The lizards were caught in the Chiricahua National Monument because they are so densely populated. Walking down the trails you see them on the rocks every few minutes. When they were caught they location was written down in GPS coordinates and if their location was notable (“up on rocks” or “on fallen tree to the left”). We dropped off all of the lizards we brought with us and then headed back to New Mexico to see the Carlsbad Caverns. The quickest way to make that 7 hour (or more) drive is to dip down into Texas and then back up into New Mexico. We traveled past boarder patrol vehicles and stops.
The Chiricahua National Monument is an impressive collection of pinnacles, columns and balancing rocks. They scatter the mountain sides and paths dwarfing everything and anyone that comes to admire the natural wonder. The mountain range is the inactive volcano range that is twenty miles wide and forty miles long. Violent geological activity millions of years ago have left the impressive rock formations. Most of the land is considered wilderness, it has no trails or roads through it so that it is left untouched. The CCC, the Civilian Conservation Corps, built the trails that wind through the peaks.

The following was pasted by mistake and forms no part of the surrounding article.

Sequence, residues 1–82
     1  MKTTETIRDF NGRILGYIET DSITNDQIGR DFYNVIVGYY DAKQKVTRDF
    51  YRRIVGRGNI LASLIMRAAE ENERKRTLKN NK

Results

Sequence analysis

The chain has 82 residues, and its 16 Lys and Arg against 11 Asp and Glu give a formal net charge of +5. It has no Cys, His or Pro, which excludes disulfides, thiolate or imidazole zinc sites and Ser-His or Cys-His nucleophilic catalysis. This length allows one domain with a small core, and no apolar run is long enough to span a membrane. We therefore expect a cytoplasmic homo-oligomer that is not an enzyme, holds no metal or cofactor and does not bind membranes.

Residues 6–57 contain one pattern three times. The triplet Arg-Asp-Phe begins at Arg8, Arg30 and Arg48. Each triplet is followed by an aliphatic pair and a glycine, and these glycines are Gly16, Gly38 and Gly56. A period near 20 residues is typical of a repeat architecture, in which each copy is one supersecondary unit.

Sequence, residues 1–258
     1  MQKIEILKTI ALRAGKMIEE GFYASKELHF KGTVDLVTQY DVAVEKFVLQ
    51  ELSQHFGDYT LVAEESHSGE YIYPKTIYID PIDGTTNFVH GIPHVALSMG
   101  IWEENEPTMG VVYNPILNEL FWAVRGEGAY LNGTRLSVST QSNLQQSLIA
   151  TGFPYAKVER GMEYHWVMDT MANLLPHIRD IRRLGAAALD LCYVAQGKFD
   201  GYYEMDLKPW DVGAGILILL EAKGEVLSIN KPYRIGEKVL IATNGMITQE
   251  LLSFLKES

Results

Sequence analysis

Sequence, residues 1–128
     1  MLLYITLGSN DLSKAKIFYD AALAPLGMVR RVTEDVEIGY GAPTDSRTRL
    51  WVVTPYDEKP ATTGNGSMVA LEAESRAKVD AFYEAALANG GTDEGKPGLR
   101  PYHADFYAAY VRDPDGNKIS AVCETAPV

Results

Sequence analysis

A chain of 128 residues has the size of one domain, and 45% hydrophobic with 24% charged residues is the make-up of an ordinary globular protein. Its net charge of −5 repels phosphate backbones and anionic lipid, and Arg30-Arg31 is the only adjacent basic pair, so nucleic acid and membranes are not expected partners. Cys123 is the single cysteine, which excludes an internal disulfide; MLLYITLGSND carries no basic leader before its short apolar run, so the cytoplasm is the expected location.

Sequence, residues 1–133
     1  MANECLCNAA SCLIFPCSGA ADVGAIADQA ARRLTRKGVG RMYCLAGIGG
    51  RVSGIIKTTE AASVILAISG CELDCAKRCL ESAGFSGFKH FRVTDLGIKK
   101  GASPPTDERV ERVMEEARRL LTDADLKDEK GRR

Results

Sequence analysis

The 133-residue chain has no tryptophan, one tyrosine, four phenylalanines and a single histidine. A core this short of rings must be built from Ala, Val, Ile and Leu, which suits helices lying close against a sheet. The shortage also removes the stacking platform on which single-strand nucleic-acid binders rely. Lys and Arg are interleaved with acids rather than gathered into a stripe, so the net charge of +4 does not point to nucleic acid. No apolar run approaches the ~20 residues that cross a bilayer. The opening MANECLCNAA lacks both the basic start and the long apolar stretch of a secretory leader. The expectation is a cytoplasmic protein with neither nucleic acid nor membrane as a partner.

*I will post pictures later but the site is not loading them right now*